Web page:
Celery root Reubens, blackened carrot tacos — at Denver’s newest vegan restaurant, you won’t miss the meat on any of your favorite menu items.
“By using something familiar as a jumping-off point, diners can find something delicious and comforting to latch onto, re-envisioned through our perspective,” said Rocky Hunter, co-owner of Gladys at Edgewater Public Market.
Last month, Hunter — and business partner and fellow chef Dave Grant — opened their “entirely animal-free, vegetable-focused concept” at the West Denver food hall. They named it Gladys after Hunter’s grandmother, hoping to “invoke the spirit of grandma-style hospitality,” according to the restaurant’s website.
Before opening their own counter, Hunter was chef at Fruition, while Grant was culinary director for Watercourse Foods and City, O’ City in Denver.
“We’ve both felt that vegetable-focused food has been riding shotgun, or worse, in the back seat entirely at most ‘fine-dining’ restaurants, and we would like that to change,” Hunter said.
“It was important to us to make vegetables the ‘star’ of the cuisine and not just an addition to (it),” Grant added.
And star these veggies do, in dishes such as the Reuben, with savory celery root piled deceptively in place of corned beef, topped with chicory kraut and horseradish dairy-free “crème fraîche.” A complex and hearty Beans and Grains bowl combines pan-roasted squash with Rancho Gordo frijoles charros, freekah grains, “sour cream” and herbs (both dishes cost $12).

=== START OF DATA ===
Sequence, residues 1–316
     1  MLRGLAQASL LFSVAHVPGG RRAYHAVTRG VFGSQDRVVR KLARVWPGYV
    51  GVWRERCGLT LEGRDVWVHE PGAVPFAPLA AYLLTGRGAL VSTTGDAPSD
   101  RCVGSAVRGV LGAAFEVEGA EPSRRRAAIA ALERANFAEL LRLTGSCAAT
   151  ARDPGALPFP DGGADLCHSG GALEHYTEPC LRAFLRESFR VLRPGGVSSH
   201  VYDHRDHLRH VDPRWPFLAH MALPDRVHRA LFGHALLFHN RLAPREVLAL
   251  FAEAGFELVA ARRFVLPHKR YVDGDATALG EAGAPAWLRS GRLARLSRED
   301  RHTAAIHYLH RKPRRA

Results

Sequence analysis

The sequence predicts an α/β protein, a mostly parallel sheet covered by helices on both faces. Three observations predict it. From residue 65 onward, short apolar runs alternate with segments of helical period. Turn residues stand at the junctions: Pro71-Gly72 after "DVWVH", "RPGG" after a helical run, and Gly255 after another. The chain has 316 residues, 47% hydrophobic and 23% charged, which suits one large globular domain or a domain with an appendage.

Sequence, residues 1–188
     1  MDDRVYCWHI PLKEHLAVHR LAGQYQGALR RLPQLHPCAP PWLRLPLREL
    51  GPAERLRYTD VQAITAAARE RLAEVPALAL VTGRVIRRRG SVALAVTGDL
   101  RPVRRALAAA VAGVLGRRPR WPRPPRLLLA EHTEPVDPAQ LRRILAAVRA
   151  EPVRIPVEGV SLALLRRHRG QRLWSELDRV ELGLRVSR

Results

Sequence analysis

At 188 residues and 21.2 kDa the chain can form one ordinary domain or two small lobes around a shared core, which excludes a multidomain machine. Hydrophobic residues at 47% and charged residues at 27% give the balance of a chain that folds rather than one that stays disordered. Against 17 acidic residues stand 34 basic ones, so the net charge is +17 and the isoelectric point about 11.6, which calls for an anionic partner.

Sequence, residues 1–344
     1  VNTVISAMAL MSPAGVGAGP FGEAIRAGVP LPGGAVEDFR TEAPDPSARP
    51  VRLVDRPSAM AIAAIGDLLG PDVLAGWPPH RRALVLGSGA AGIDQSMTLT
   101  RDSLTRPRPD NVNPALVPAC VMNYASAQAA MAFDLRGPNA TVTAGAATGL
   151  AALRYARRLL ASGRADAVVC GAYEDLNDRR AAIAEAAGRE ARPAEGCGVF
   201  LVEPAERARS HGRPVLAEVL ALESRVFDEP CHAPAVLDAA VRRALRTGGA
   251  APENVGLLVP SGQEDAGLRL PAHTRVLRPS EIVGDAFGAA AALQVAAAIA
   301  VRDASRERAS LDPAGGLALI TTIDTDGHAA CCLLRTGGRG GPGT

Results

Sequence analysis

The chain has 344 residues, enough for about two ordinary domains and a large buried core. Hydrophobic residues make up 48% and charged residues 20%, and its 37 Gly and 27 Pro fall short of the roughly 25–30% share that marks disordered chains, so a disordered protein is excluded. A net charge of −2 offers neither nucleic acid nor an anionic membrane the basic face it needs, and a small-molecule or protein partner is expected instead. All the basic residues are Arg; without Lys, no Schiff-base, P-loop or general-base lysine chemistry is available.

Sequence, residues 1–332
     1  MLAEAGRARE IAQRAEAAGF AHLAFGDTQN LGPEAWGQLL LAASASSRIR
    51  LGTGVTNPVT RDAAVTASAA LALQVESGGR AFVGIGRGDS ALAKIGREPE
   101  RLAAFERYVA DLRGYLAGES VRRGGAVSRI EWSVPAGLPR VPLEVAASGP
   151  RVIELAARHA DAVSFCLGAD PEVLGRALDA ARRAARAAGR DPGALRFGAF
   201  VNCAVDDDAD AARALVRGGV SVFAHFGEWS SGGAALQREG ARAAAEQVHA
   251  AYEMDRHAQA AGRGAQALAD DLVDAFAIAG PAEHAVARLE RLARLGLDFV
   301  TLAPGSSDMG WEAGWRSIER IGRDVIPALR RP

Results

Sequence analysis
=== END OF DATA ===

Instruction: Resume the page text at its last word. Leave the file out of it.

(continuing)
On the side, Colcannon potatoes layer olive-oil whipped spuds with kale, Brussels sprouts and smoked cabbage, and are served with an onion soubise sauce, pickled mustard seed and crisped onion ($8). Mushroom bravas come fried crisp with almond romesco sauce, saffron aioli, garlic chips and herbs ($10).
A big chocolate chip cookie is also crisped on the outside but perfectly chewy within ($3). Here, Hunter says he replaces butter with sunflower oil and really just finesses through the process and bake time. And it all points to a level of precision with plant-based foods that draw on both chefs’ experience in the finer dining world.
“I love the attention to detail and standard of those type of restaurants, but not some of the stuffiness that can often accompany the service,” Hunter said. “We’re excited to explore a concept that has some of those details but is packaged into something approachable.”
Of course, Gladys in the form of a food stall is likely not the last word from these rising Denver chefs.
“We like to think this new platform for our food is just the beginning,” Hunter said.
If you go
Gladys is located inside Edgewater Public Market; 5505 W. 20th Ave.; 11 a.m.- 8 p.m. Tuesday through Thursday, until 9 p.m. Friday and Saturday, until 7 p.m. Sunday and closed Monday; gladysrestaurant.com
More vegan menus to try around town
Rocky Hunter’s favorite local vegan menus: Yak & Yeti, Thai Pot, Wakano Asian Bistro and Somebody People for spicy, flavorful and fun cuisines.
Dave Grant’s favorites: “(For anyone) looking for a few good spots to try (who isn’t) too familiar with plant-based cuisine, two great restaurants to start out with would be Watercourse Foods and City, O’ City! Denver also has a great vegan food truck scene, (including) Best One Yet, Wong Way Veg, mu Denver and Vegan Van!”
And two new Denver businesses are serving vegan food in creative ways: The Easy Vegan is a regular pop-up restaurant founded by two restaurant industry veterans who also identify as queer women; and Wellness Sushi is a plant-based roll and ramen counter started by a longtime local sushi chef.
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